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Spring Training—
High Intensity Interval Cardio Work


Still thinking about getting into shape for the summer, are we? Some of us think about it until mid-September and finally say, "Why bother? The summer is already over." Personally, I have a problem with the getting-in-shape approach to fitness, health and well-being. It carries with it a temporary connotation, as if getting in shape is something we casually gain and lose on a regular basis. Here today, gone tomorrow and here today again... more like here today and gone for good, if we don't watch out. Make health and fitness a lifestyle and you'll shine like the summer's sun every day.

You know the drill. Eat right and exercise regularly, smaller meals more often, more protein and fresh vegetables and fruit. Yeah, yeah. Aerobics (ugh) till I drop... Uh, oh. Wrong. Big wrong. Boy, have I fought this concept of physical fitness with a sword and a shield. Run, jump, dance, step, spin, jog... more, more... you're going to evaporate. Stop all that cardio nonsense — unless you just love it like chocolate and can't stop — and apply it with logic and intelligence. Let me explain something briefly. In the mid-70s when mainstream America was first turning on to fitness, somebody came up with the running craze; lotsa carbohydrates to fuel the running machine, lean bodies, marathons, 10-Ks, 5-Ks, cardiovascular rules, run, run, run, burn fat, kill calories. The books and the doctors said so. Fit or fat, aerobic enzymes, classes on the hour, run, Jane, run. We became fully indoctrinated.

The world of industry and commerce and big bucks took the cue and built the machines to keep us hopping. They invent new ones each year and streamline the old ones like Ford and BMW. Aerobics is big business. Aerobics is over-rated. Aerobic work needs to be sent to the back of the room and behave according to our needs. Bridle the frantic creature and make it work for you.

Seems as if the whole world forgot about muscles, protein and lifting weights for a quarter of a century. Twenty-five years of frustration has led us, thank goodness, to some very sound thinking and dandy cardio procedures. High Intensity Interval Training (HIIT) is a salvation for those determined to improve cardiovascular health, burn fat and spare muscle, sanity and time.

Let me explain some basics.

Conventional cardio performed on equipment (bike, stepper, rower etc) consists of thirty to forty-five minutes of even-paced activity. The participant seeks out by calculation or a heart monitor his or her preferred heart rate and goes for the duration. The goal is to burn calories (and, hopefully, fat) as well as develop the efficiency of the heart and lungs. The activity raises the metabolism and calorie burning continues for an extended period of time throughout the day. It works to a degree. Beats the couch, TV and a bag of chips by a miracle mile. However, the monotony, non-creativity, invested time and scramble for equipment takes its toll on most everyone I know. I shudder, mop the gym floor and polish the mirrors furiously, instead. Very practical and also works.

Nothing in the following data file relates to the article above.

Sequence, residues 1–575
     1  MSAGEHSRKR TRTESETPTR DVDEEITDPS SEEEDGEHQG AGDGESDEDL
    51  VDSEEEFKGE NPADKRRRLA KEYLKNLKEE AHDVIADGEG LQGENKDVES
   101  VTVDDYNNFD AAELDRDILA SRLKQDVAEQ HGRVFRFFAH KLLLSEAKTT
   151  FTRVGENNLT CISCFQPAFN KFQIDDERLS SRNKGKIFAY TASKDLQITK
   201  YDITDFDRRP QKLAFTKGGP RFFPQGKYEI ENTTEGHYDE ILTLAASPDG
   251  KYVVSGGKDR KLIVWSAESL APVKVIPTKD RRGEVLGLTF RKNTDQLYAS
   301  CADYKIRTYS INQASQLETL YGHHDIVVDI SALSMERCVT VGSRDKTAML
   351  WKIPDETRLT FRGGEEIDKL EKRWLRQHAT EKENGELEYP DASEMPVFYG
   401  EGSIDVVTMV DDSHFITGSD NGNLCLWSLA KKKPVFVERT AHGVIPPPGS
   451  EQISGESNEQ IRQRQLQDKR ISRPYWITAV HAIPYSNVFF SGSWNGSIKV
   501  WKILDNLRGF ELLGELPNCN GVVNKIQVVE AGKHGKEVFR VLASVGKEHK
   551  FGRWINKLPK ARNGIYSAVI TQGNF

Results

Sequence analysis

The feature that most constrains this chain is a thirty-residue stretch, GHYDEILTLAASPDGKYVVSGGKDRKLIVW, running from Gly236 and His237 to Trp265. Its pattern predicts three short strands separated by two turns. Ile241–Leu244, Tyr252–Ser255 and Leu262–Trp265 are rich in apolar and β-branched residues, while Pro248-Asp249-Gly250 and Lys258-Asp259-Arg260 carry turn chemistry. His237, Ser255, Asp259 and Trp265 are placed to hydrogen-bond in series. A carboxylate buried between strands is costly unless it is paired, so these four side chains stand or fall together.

Most recently, though convention is like glue, experience and experiment and research are introducing smarter aerobic procedures. As soon as the training population gets unstuck they might very wisely be installing HIIT into their cardio fat-burning regimen. Forty-five minute low-intensity, long duration sessions can be replaced more effectively with high intensity interval training for an exciting twelve minutes. Yes, pooped friend, there's life beyond the treadmill and Stairmaster.

Here's a simple HIIT sample for the free-spirited aerobic bum; choose your weapon (spinner, treadmill, climber, outdoor jog and run) and plan on twelve minutes of output. Start an easy warm up for four minutes, stepping it up comfortably as the minutes progress. Body in motion and number one endorphins engaged, you now blast it (according to your dynamite stores and desired explosion) for thirty seconds and back off for thirty seconds, blast it for thirty and back off for thirty. Repeat this thirty-thirty interval for a total of six sets, that is, six minutes. The final two minutes are committed to a gradual decrease in intensity and cooling off. You have completed your cardio effort for the day.

You expressed and challenged yourself, startled the dozing muscles and welcomed the sweet pain of gain. Boredom begets mediocrity. Enemies both, they deserve swift eradication. Let's hit the weights and build some muscle. Race ya to the bench press.

You think I'm loony or joking or conspiring, don't you? Me not speak with forked tongue. I'll save you the dreary proof and challenge you to try the basic outline above and observe your activity response. You'll react hotly to the short term extreme demand and logic will convince you intensity is setting new systems in motion. I suggest you be in fair cardio condition before knocking off the twelve-minute program. It can sting. Creativity is welcome as you feel your way around the intervals. Vary the load intensity and rest intervals according to your moods and needs. Not enough of us give ourselves permission to be creative. Cut loose.

Short blasts of high intensity cardio snap the trainee out of the adaptive "steady state" the body wisely seeks to conserve energy (calories) when practicing the same pace, low intensity, long duration protocol of ordinary aerobics. Tricks are in order. The metabolism reaches a more heightened state for a longer period of time after high intensity intervals, assuring the performer of continued fat burning effects. Cardiovascular conditioning is achieved much sooner according to studying physicians.

Take the high road, feel the action, see the sights and get where you're going while you're at it.

Here's more information on high intensity cardio.

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